His task at the show, after other judges have chosen breed winners and group winners, will be to find the dog which most nearly conforms to its own breed standards. These standards are a description of the physical and mental attributes which enable that kind of dog to perform the special functions for which it has been bred. In certain breeds, for instance, the coat must be weather resistant and the standard will emphasize the quality of the coat; in another breed, speed may be essential and the standard of this breed will emphasize the legs, feet and streamlined body. The judge scores each dog on a points system, giving so many points per attribute out of a possible hundred.
PERFECT DOG NEVER FOUND
But a dog must not only measure up to the physical standards of its breed; it must also have the proper character. A watchdog must be alert and courageous, a field dog responsive and obedient, a terrier audacious, a herd and sled dog poised and sagacious, and a toy, usually a replica of a larger breed, must possess the same characteristics plus a certain affectionate dependence.
Since no perfect dog has ever been found, the actual practice of judging varies somewhat from the theory. Instead of comparing each dog against the standard of its breed, the judge chooses one dog which he considers nearest to the standard, and then compares the others to this dog. Running his hands over the dog's body the judge checks its "type" (conformation) against its breed's standards and then, with a careful inspection of eyes, teeth, ears, etc., examines it for physical condition (soundness). The handler is then asked to gait the dog at a run so that the judge can see it in motion in the ring. At this point, ring presence and show personality enter into the adjudication. A show dog should be obedient, should display showmanship qualities and should move with smooth action. The dog scoring the highest number of points in both type and soundness, plus the rest, is the winning dog.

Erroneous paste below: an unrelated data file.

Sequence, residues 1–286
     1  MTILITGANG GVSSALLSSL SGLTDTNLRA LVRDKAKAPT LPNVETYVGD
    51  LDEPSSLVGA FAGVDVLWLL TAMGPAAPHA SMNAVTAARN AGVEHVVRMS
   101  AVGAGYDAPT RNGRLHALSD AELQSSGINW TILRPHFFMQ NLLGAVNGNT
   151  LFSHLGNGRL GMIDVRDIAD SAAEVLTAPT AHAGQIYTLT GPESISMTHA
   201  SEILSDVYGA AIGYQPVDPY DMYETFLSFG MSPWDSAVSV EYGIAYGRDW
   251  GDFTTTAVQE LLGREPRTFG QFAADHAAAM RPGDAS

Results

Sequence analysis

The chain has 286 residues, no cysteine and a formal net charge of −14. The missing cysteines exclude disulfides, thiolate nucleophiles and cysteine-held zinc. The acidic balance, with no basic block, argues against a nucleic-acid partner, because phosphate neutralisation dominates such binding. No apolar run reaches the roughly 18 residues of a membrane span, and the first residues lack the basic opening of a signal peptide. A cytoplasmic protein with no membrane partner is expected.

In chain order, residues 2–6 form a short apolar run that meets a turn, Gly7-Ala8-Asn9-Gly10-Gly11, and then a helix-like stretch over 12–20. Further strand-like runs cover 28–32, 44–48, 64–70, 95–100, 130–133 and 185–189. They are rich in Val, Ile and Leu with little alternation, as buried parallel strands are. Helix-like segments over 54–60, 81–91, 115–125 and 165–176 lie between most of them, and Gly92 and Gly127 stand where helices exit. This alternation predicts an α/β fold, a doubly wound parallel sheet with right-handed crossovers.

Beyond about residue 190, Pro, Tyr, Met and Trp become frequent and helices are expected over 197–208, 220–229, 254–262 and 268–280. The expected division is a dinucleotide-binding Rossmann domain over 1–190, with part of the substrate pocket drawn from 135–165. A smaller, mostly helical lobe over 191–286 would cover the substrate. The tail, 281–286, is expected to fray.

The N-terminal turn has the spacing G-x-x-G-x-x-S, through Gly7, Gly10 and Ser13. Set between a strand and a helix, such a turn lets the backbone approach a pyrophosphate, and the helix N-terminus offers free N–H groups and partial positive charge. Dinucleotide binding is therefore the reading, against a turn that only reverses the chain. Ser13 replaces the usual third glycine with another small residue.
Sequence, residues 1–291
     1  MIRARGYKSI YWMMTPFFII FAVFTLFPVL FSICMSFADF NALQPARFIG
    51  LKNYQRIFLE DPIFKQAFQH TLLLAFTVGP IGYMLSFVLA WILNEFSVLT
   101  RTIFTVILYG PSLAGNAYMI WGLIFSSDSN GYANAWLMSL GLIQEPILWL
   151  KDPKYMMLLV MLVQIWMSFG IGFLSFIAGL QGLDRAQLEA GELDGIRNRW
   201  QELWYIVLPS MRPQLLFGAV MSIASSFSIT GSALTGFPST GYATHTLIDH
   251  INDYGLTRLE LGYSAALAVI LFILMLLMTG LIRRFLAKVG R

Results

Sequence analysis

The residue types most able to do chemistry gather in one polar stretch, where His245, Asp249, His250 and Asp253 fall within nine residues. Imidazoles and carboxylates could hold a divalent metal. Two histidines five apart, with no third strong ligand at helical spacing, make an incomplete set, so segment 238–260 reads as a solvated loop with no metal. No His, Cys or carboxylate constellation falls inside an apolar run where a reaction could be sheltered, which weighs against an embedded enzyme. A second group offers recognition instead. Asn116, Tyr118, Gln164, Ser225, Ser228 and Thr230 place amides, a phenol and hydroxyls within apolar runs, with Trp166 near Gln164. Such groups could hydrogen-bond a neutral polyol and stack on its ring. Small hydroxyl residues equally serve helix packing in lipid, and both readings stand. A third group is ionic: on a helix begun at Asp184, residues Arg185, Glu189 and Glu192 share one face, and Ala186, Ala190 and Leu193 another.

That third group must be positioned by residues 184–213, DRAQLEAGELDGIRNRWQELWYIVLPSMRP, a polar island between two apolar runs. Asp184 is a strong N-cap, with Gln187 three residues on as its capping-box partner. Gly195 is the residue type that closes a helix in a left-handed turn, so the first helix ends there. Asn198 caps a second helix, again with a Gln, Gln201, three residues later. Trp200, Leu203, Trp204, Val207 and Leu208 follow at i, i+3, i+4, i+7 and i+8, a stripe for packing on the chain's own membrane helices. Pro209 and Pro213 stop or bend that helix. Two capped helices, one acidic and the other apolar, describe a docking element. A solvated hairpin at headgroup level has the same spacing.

TO BE A HANDLER
Because improper handling in the show ring can ruin the chances of even the best dog, most owners hire professionals to do the job. About 1,000 professional handlers are licensed by the American Kennel Club, and their average fee is about $20. Some of the top handlers are under contract to certain owners who have first call on their services. Fees for contract services can run from $5,000 to $10,000.
The professional handler's job is to condition the dog for the show and then handle it during the judging. A good handler knows how to hide a dog's weak points and play up its strong points. He can straighten a crooked leg or make a too short neck a little longer just by clipping the dog's coat the right way.
During the judging it is common for handlers to use a number of ploys guaranteed to show off their dog to better advantage—or disparage that of the competition. Some of the ploys are: Vie for the best position and keep it; reset your dog every time the judge moves around so he sees only the dog's best side; pose your dog, seemingly inadvertently but actually on purpose, so that it obscures the judge's view of the better bitch next to it; "piano-play" the dog's strongest points—meaning fuss and run your hand over the dog's good points so the judge's eyes are drawn away from the bad.